Caryl Churchill Analysis

Other Literary Forms

(Critical Edition of Dramatic Literature)

Although Caryl Churchill is known primarily as a playwright, her writing career actually began with radio plays in the early 1960’s, when The Ants was broadcast in 1962. The Ants was followed by other radio plays, including Lovesick (1967), Identical Twins (1968), Abortive (1971), Not, Not, Not, Not, Not Enough Oxygen (1971), Schreber’s Nervous Illness (1972), Henry’s Past (1972), and Perfect Happiness (1973). Churchill has also written several teleplays: The Judge’s Wife (1972), Turkish Delight (1974), The After-Dinner Joke (1978), The Legion Hall Bombing (1978), and Crimes (1981).


(Critical Edition of Dramatic Literature)

Caryl Churchill is claimed by several political and artistic constituencies: She is hailed as a major voice for English socialists; is cited frequently by feminists; is the darling of proponents of workshops, or group construction, of plays; and is clearly a postmodern voice. Certainly, Churchill is each of these things, but, above all, she is a writer of the human presence and a champion of the individual choice. Her particular achievement is not to experiment but to experiment with a difference. Her unusual use of theatrical structure always aims to reveal the value of the eccentric individual over the concentricities of an exploitive social order. She is an established playwright whose work, though highly unusual in structure, is widely and well received in the English-speaking world, having been successfully produced both in London and in New York. Churchill won the Obie Award for best Off-Broadway play in 1982, 1983, and 1988. In 1988, she also won London’s Society of West End Theatre Award.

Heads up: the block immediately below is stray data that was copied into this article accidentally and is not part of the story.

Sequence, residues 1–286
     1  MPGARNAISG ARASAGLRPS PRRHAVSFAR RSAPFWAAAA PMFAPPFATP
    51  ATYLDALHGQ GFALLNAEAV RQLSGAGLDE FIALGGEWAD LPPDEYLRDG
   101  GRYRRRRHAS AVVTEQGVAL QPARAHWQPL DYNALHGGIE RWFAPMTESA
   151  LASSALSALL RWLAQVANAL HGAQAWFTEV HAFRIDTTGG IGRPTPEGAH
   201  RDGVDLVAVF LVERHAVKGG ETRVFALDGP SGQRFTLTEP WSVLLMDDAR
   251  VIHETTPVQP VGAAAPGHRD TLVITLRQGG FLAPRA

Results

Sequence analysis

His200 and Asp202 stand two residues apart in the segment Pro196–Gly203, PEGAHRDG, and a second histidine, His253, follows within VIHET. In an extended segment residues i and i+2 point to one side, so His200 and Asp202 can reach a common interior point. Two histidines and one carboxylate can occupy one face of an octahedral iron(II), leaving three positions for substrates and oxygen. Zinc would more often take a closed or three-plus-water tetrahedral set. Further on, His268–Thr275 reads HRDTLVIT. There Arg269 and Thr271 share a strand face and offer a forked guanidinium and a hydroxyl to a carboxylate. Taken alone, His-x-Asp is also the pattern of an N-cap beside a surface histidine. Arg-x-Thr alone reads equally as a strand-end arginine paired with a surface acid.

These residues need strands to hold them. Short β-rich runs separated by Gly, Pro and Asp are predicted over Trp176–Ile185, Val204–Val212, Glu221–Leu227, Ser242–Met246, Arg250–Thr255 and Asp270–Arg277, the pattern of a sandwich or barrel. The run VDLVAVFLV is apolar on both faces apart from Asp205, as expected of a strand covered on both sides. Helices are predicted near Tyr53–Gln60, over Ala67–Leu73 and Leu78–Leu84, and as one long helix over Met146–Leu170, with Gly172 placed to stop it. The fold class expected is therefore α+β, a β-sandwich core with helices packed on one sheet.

(Critical Edition of Dramatic Literature)

Aston, Elaine. Caryl Churchill. 2d ed. Plymouth, England: Northcote House, 2001. From the series Writers and Their Work. Includes bibliographical references and an index.

Betsko, Kathleen, and Rachel Koenig, comps. Interviews with Contemporary Playwrights. New York: Beech Tree Books, 1987. In a provocative interview, the playwright discusses her concept of feminism and compares the London and New York productions of Cloud Nine.

Bigsby, C. W. E., ed. Contemporary English Drama. London: Edward Arnold, 1981. This collection of essays about the British theater provides a key to locating Churchill among her contemporaries. The essay by Christian W. Thomsen, “Three Socialist Playwrights: John McGrath, Caryl Churchill, Trevor Griffiths,” is informative about contemporary socialist thought in England and the way in which it is revealed in the plays of Churchill and her peers.

Cousin, Geraldine. Churchill, the Playwright. London: Methuen Drama, 1989. An excellent general study of Churchill’s drama. All the issues present in her work are examined as they are found in the plays themselves.

Fitzsimmons, Linda, comp. File on Churchill. London: Methuen Drama, 1989. This brief volume is a compilation of “file material” on Churchill, including lists of sources to consult, quotations from articles about the playwright, biographical data, production information, and reviews of productions. An excellent and dependable sourcebook.

Kaysser, Helen, ed. Feminism and the Theatre. Basingstoke, England: Macmillan, 1988. A collection of essays on feminists in theater. Includes an excellent essay on Churchill by Sue Ellen Case, a leading feminist critic. The volume can aid those interested in placing Churchill in the context of contemporary feminist thinking. It is also instructive in the uses of feminist thinking in Churchill’s work.

Kieburzinka, Christine Olga. Intertextual Loops in Modern Drama. Madison, N.J.: Fairleigh Dickinson University Press, 2001. Contains excellent chapter on the construction of Mad Forest, revealing how Churchill cooperated with various workshop groups in the writing and structuring of her plays, in this case a group of students from London and Romania.

Kritzer, Amelia Howe. The Plays of Caryl Churchill: Theatre of Empowerment. New York: St. Martin’s Press, 1991. Covers Churchill’s works up to Serious Money from a feminist perspective, outlining the theoretical foundations behind Churchill’s style.

Randall, Phyllis, ed. Caryl Churchill: A Casebook. New York: Garland, 1989. A collection of essays pertaining to Churchill as a working dramatist.